Contrary to the article I am simply using one port of an Attiny85 to output several types of pulse trains. The port is switching the load (R=60 ohms is what I have proven to keep the power bank alive when driven continuously) by means of a MOSFET (BS170). The circuit as such works as expected (proven with a DSO), but the conditions under which it keeps the power bank alive are tricky.
- My first attempt - ordinary PWM at 1 kHz with duty cycle up to ~20% failed. I didn't drive it to higher duty cycles because my goal is saving power.
- My second attempt - manually switching the port at low frequency (<< 1 Hz) with on-time ~1 second, off-time ~4 seconds was successful
- Third attempt - reducing on-time to 0.5 seconds or increasing off-time to more than 4 seconds failed (1 second "on" seems like the minimum for the power bank to recognise intermitting load)
- Fourth attempt - on/off = 1 s/8 s with intermittent 10 ms pulses works for some time (longer than the auto-shutoff time of ~15 s), but eventually fails (shuts off)
What I conclude from these findings:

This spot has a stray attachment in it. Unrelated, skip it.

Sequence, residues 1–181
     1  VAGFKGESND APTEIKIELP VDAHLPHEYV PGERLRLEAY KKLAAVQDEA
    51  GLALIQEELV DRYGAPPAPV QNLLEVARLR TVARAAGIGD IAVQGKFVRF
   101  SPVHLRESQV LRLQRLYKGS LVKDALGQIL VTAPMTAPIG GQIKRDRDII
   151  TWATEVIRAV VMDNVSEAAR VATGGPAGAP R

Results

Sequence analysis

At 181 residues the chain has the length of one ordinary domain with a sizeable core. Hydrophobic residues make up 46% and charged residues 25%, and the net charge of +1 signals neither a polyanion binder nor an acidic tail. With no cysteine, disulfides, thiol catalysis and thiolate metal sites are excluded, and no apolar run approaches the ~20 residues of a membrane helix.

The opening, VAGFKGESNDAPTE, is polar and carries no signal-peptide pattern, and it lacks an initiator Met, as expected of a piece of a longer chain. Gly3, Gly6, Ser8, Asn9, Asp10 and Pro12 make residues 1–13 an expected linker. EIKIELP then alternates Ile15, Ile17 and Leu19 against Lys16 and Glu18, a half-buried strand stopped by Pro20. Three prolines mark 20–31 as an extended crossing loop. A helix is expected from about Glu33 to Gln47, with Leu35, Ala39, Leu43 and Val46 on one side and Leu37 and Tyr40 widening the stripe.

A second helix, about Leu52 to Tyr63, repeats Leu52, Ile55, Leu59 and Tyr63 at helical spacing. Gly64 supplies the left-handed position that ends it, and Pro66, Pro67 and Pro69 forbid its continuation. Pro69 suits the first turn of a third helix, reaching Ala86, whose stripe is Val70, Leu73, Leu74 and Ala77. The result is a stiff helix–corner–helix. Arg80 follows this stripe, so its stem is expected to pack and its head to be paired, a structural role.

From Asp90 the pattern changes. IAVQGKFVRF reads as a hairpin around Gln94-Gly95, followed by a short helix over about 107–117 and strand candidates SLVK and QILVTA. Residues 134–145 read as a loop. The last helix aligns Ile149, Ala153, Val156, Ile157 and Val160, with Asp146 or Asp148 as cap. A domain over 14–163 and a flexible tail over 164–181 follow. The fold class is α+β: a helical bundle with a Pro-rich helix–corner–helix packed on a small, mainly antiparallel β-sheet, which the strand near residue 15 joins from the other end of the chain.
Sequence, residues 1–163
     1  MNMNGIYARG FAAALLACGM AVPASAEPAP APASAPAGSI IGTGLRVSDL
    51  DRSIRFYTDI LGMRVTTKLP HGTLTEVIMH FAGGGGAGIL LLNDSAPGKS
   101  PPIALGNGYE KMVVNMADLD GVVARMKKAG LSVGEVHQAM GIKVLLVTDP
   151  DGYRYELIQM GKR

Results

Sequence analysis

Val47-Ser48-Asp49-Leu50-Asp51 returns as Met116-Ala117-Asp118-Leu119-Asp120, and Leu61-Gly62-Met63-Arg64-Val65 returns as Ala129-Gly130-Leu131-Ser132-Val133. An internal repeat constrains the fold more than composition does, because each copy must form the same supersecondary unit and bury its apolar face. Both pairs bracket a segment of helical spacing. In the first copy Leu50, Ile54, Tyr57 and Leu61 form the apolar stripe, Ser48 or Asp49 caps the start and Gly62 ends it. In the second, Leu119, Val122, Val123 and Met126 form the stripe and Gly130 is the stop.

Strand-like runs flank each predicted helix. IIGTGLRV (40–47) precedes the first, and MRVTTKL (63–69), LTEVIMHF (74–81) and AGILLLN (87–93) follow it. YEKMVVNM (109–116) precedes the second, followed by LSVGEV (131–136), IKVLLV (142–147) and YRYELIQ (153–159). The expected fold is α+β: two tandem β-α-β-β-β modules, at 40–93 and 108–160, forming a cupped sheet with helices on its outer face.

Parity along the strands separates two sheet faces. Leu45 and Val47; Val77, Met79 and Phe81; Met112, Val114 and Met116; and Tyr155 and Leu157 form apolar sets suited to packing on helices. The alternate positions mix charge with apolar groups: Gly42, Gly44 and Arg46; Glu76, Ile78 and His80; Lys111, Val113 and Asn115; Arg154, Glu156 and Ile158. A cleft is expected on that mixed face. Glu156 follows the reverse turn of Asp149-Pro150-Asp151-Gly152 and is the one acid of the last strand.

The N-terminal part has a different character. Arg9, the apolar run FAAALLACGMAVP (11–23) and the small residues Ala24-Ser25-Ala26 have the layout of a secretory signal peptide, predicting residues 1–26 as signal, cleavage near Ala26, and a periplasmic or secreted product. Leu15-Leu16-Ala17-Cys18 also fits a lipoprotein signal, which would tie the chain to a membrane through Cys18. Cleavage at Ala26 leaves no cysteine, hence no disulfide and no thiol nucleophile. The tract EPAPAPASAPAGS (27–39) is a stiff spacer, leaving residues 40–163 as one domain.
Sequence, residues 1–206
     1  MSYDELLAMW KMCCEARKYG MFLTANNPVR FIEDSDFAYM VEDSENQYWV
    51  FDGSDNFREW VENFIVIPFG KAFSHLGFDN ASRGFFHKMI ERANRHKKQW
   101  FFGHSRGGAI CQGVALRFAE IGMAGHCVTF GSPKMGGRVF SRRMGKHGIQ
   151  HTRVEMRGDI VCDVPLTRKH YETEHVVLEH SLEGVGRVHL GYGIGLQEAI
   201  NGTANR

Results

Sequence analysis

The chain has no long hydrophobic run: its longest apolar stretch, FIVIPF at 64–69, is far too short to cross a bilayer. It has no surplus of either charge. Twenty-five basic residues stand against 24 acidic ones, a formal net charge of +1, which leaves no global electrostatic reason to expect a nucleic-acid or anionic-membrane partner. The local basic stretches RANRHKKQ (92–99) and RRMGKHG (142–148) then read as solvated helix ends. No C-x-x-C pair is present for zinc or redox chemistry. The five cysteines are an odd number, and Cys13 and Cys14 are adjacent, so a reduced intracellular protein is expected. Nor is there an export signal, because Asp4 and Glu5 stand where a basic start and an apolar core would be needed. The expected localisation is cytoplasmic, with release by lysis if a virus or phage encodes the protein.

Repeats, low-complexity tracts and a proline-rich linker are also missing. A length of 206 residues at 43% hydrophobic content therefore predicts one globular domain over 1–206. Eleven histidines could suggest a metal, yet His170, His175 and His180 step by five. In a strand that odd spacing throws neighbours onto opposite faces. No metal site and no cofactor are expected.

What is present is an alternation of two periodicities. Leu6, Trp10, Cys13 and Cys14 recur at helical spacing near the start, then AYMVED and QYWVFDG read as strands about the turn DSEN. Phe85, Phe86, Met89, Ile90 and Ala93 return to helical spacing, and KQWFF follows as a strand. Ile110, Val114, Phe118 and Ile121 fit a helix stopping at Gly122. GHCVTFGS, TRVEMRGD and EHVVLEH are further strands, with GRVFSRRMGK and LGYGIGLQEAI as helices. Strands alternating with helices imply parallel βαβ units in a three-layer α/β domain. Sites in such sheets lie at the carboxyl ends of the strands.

- the power bank's controller somehow integrates current (otherwise the high load peaks of the ordinary 1 kHz peaks would be enough to keep the unit awake)
- 20%-duty cycle at 1kHz (not working) is not the same as 20% duty cycle at 0.2 Hz (working), so the power bank integrating current cannot be the whole story
- the sensitivity to peak load seems to get lower for longer pauses (8 seconds), but can be reactivated by very short maximum load peaks
Does anyone know something about commonly used strategies for implementing the auto-shutoff in commercial power banks?
Is there any easy explanation for the behavior that I have observed?
Any ideas on how I could reduce the duty cycle substantially further while keeping the unit alive?